Jetsam (what we’re enjoying from around the web) (more…)

Thursday Afternoon Dredging: January 12th, 2017

Thursday Afternoon DredgingJanuary 12, 2017

Cuttings (short and sweet):

Drone footage from Basking Shark Scotland

 

 

 

 

 

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Micronations and poop dreams: Strange tales from the Guano Islands Act of 1856

Popular CultureJanuary 11, 2017

I’m just going to lay this out there right now: This story ends with Ernest Hemingway’s brother sitting on a 30-foot raft in the middle of the Caribbean.

But first, let’s talk about Bill Warren.

Bill Warren is an entrepreneur, treasure hunter, Frank Sinatra impersonator, former Christian music host, and about 30 other descriptors. He’s probably a huckster, but he’s our kind of huckster. You’ve almost certainly seen something about him: This Treasure Hunter Says He Has Located Bin Laden’s Body. I could spend the next 2,000 words just writing about Bill Warren, but you’re here for the guano, so just read this exhaustive, entertaining, hilarious article bout him by CJ CiaramellaThe Nearly Astonishing Tale Of Bill Warren, Treasure Seeker.

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How Millard Fillmore reshaped the oceans in a quest for guano.

#OceanOptimism, Conservation, policyJanuary 10, 2017

President Millard Fillmore

The numbers are in, and over the last eight years, President Barack Obama has protected more ocean than any other president in history. His expansion of NOAA and implementation of a National Ocean Policy will impact ocean health and fisheries management for generations. By almost any measure, he has had the biggest impact on the ocean of any modern presidency. Which raises the obvious question: is President Obama the most influential ocean president in history? Not by a long shot. That honor has to go to the president who’s policies have fundamentally shaped and reshaped how we view and control ocean territory, who laid the foundation for almost all the ocean protections we currently enjoy, and who set the precedent for the American Empire. That man is President Millard Fillmore, and he did it all for bird poop.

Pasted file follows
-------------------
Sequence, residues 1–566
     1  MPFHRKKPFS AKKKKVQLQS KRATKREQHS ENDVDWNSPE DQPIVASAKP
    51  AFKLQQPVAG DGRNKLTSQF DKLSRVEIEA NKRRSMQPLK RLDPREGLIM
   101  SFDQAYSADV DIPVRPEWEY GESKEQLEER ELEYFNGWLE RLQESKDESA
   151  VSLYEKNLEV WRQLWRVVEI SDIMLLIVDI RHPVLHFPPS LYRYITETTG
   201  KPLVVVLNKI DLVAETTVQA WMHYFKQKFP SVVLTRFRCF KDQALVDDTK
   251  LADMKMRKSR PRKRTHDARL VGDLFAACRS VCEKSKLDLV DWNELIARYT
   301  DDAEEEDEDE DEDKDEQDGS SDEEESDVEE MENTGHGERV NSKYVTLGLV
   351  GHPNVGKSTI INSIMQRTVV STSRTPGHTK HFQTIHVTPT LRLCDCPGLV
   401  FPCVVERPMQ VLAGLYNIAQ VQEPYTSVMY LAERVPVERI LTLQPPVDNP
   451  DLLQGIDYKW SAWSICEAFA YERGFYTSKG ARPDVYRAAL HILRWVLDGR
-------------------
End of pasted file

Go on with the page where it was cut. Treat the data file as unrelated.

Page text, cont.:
1850.

Agricultural science is beginning to understand that soil is not just soil, but a collection of nutrients that are slowly drawn from the ground by growing crops. Nitrogen, phosphorus, and potassium are crucial ingredients. The Industrial Revolution is pushing agriculture away from passive crop re-nourishment processes and towards intensive, fertilizer-driven farming. Fertilizer producers can’t keep up. At the same time, the American whaling industry had reached its zenith and began to fall. Coastal whales were harder to find and the bold men of Nantucket ventured out across the Pacific in search of the last great whaling grounds.

In these voyages, the whalers found numerous tiny, often uncharted islands in the Pacific. These remote islands were refuges, not just for weary sailors, but for generations of seabirds. From these seabirds rose great mountains of guano, guano rich in the nutrients plants crave. Guano was the solution to the fertilizer crises.

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Staff: Andrew David Thaler (1115), David Shiffman (510), Amy Freitag (235), Guest Writer (75), Kersey Sturdivant (51), Chris Parsons (50), Michelle Jewell (18), Chuck Bangley (18), Administrator (2), Sarah Keartes (1), David Lang (1), Solomon David (1), Iris (1), Michael Bok (0), Lyndell M. Bade (0)